Update from Italy: Lemons Three Ways

Lemons in Sorrento. Photo by Gemma Evans on Unsplash

We’ve all been down with a family cold since last weekend. (Our canary Eleanor tested negative for Covid, so we are not concerned about that. Plus the numbers in Italy and in Tuscany are very low.) Thoughts must turn to cheerier things. When life gives you lemons, make lemonade. Lemons three ways…

The waxy skin wins it. A bowl of lemons always looks like a perfect still life painted by a Dutch master. Years ago, when I lived in Wallingford and had blue and white crockery bowls in the kitchen of my rental house, I would buy bags of lemons at the QFC on Forty-Fifth Street and dump them into the bowl where they cheered me through the short winter days like a dozen perfect yellow suns. Lemons as a bouquet, and cheaper too, I thought, always scraping bottom then. 

In Spain throughout the winter and spring I ordered té manzanillo dozens of times before I realized it was chamomile tea. Oh the joys of unknown words that mask the familiar. In every bar in the old town of Santiago they served té manzanillo in the same thick white teacup with a saucer, the tag hanging lazily over the rim, a thin slice of lemon clinging to the saucer’s rim. How the Spanish loved tea in their lemon! To brighten it, my English friends told me, even though every English friend I ever had in Europe back then took their builder’s tea with a generous plug of fresh whole milk and a spoonful of sugar. I squeezed my lemon dutifully into the cup of manzanillo. It was confusing because manzanilla was also a kind of fortified wine that came in a wooden cask in the basement bar that I frequented in the old town with that rogue Coco. I sipped té manzanillo on those endless grey days when the woollen clouds hugged the over-the-top Baroque steeples of the cathedral. When I discovered that it was chamomile I liked it less, and these days I can’t stand the dusty gutterings. Even a fresh lemon slice fails to sufficiently brighten that slice of mouldering attic for my palate.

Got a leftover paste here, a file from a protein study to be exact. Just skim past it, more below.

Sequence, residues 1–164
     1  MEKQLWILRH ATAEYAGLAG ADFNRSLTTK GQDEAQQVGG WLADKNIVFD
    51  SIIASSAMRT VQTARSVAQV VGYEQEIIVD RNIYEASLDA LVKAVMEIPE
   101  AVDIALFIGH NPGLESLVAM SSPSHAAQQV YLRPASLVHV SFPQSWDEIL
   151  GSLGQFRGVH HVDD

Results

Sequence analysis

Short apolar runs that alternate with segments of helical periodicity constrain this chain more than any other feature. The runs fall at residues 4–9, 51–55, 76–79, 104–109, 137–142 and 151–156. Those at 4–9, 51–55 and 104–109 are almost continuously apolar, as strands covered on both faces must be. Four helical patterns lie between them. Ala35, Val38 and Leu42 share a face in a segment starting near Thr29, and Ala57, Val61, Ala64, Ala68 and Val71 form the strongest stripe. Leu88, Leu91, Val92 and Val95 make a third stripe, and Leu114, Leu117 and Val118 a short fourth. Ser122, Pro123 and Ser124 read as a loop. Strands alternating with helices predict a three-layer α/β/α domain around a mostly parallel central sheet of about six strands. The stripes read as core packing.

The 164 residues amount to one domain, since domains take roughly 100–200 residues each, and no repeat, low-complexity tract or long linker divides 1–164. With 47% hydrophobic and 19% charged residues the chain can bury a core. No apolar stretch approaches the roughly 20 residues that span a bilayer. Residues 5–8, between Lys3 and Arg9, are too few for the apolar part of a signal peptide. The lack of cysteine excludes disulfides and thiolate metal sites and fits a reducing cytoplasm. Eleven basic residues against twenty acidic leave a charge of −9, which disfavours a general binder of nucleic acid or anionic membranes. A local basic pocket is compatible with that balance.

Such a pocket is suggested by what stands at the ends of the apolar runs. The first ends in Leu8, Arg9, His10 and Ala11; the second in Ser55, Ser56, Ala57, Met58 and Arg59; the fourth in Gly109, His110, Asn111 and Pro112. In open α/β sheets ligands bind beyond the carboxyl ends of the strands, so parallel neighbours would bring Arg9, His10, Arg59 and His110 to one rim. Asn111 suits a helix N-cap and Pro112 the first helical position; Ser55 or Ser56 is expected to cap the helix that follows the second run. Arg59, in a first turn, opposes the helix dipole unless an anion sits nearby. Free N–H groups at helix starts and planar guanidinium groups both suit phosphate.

If you ever feel like you could never tire of lemons (I raise my hand), head to Sorrento, where the poor fruit is fetishized beyond all reason. Lemons on tea towels, ceramic spoon holders, festooning plates and garlanding trivets and wreaths, tall narrow bottles of limoncello creating their miniature cityscape in every tourist shop. Ceramic lemons, wooden lemons, lemon lemons. They roll through the town squares, collect under benches, hang like Christmas ornaments from the ubiquitous, richly leaved trees. The citizens of Sorrento live for lemons with nary a pucker. 

If you’ve had a bad experience with limoncello in your life (that is to say, have you been a student), I invite you to try the limoncello of Sorrento, where it is served in a diminutive frosted glass, the bottle crusted with ice from the freezer. Tip the elixir into your modest cup. Don’t be offended by the small portion. The punch more than makes up for the size: astringent, sunny, positively Roman. Your jaw tenses, expecting to hit a seed or two. But no. It’s just solar energy and citrus goodness, summer and heat captured and chilled, warming your innards with its Mediterranean imprint. The bottle, now slowly defrosting, has been generously left on your table, should you wish to have another, or another. One wonders if Cicero kept limoncello to his recipe on his southern estate, deep in an ice grotto of his own design. One hopes so. 

Footnote: Manzanilla is a dry white wine made from palomino grapes, aged under a layer of yeast called veil de flor. Wow. So wasted on a teenaged me. Sorry manzanilla.

Sorrento, where even the churches somehow look citrusy.
Photo by Nick Fewings on Unsplash

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